Equitable Distribution of a House in Pennsylvania
This guide analyzes a complex Pennsylvania case in which a house was purchased using separate as well as marital funds and in which one party gifted their interest to the other. How does Pennsylvania handle the equitable distribution of a house? What happens if only one party's name is on the deed? What happens when the parties mix non-marital property with marital property?
Introduction to the Case of Lowry v LowryThe case of Lowry v. Lowry (375 Pa.Super. 386) gives a complex analysis of the equitable distribution of a house that was built by the parties. The husband and wife purchased an empty lot. The husband "gave" his wife his interest in the lot to protect it from his former spouse. The Wife refinanced and later sold her first house to raise funds for construction on the new house. Husband argued that Wife's contribution of the proceeds of her house should have been included in the marital estate. The trial court had deemed those funds non-marital, and therefore were treated as Wife's separate property. But the Court disagreed, deciding that by putting Wife's name alone on the deed, Husband made it Wife's separate property, "except for the increase in value during marriage." Therefore a determination of the increase of the value of the property was necessary.
Putting a House into only One Spouse's Name is a GiftThe Court held that the home was excluded from Equitable Distribution and belonged to the Wife because the land had been deeded to her by Husband. "[P]roperty acquired by gift is excluded from marital property except for the increase in value thereof during the marriage." Husband pointed out that Wife had deposited $50,000 from the proceeds of her first house into a joint savings account. On this topic, the Court held that Wife had indeed made a gift to Husband of that money. However, he deeded the house to her after that deposit of money by her into the joint account. Therefore, he gifted it back to her. The Court wrote, "It matters not what husband's motive was in deeding the property to wife. As Justice McDermott opined in his concurring opinion in Semasek v. Semasek, 509 Pa. 282, 502 A.2d 109 (1985):?? "A gift may be given to anyone. The law is cold in its definition, it does not ask a reason for the giving, only an intention, delivery and acceptance of the thing are required.... The question ought not to be what is the subject or the purpose of the gift, but rather whether was it intended as a gift, delivered and accepted." Id. at 292, 502 A.2d at 113-14. ... The fact that husband states that his only intent in deeding the property to wife was to prevent his former spouse from taking the property does not undermine our conclusion. As the Brown court concluded, the fact that there is some financial gain to be had by the gifting spouse as a result of the gift, like a reduction in taxes, does not negate donative intent, but rather positively suggests it. Id. at 272, n. 3, 507 A.2d at 1225 n. 3. This is because the financial goal will only be attained if the gift is effected. The desire to achieve the financial goal is the source of the donative intent that supports a finding of a gift. ..."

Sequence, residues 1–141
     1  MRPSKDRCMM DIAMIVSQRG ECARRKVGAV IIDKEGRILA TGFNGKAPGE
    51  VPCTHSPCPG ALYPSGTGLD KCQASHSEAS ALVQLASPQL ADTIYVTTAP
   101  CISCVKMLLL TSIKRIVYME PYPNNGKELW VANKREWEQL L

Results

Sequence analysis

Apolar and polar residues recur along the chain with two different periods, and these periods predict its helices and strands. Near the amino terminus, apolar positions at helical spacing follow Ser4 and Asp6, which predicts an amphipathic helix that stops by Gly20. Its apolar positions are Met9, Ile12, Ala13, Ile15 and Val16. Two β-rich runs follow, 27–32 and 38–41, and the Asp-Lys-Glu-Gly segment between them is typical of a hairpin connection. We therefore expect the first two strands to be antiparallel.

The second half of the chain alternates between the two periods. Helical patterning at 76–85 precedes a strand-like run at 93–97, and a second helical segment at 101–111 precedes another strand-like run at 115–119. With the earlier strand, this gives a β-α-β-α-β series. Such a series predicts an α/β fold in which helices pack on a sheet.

Mixing Your Funds in a Property held only in Your Name is a GiftWife, however, could not claim that all of the proceeds of the sale of her first house was separate. She deposited $13,000 in their joint names for work on their house, and the improvements made were an increase in value that was joint. The Court wrote, "Our conclusion that wife made a gift of this $13,000 to the marital estate when she deposited it in joint names is further buttressed by the fact that the money was thereafter used to make further improvements to the Hemlock Farms property which, although held in wife's name, was the joint project and marital residence of the parties." Of the $87,000 market value at the time of the divorce, the Court looked at the following findings of the trial court: "In summary, we can conclude, even from the incomplete and unclear state of the record before us, that wife actually proved only that the Hemlock Farms property was gifted to her during the marriage when it was worth $14,300 and that she thereafter exchanged a total of $14,000 ($27,000 minus $13,000) in pre-marital assets for materials used in improving the property. This totals $28,300 of the value of the home that is non-marital property. The remaining $13,000 of wife's pre-marital assets that were invested in the Hemlock Farms property were contributed to the marital estate when transferred to joint names."
ConclusionSpouses mix their non-marital property with marital property all of the time, and sometimes, give their property away. From the court's view, a gift to your spouse is a gift and mixing is a gift to both you and your spouse as a couple. The other alternative is to act like you are not married. However, you should not expect the courts to separate out your contributions to the marriage. That is not how marriage works.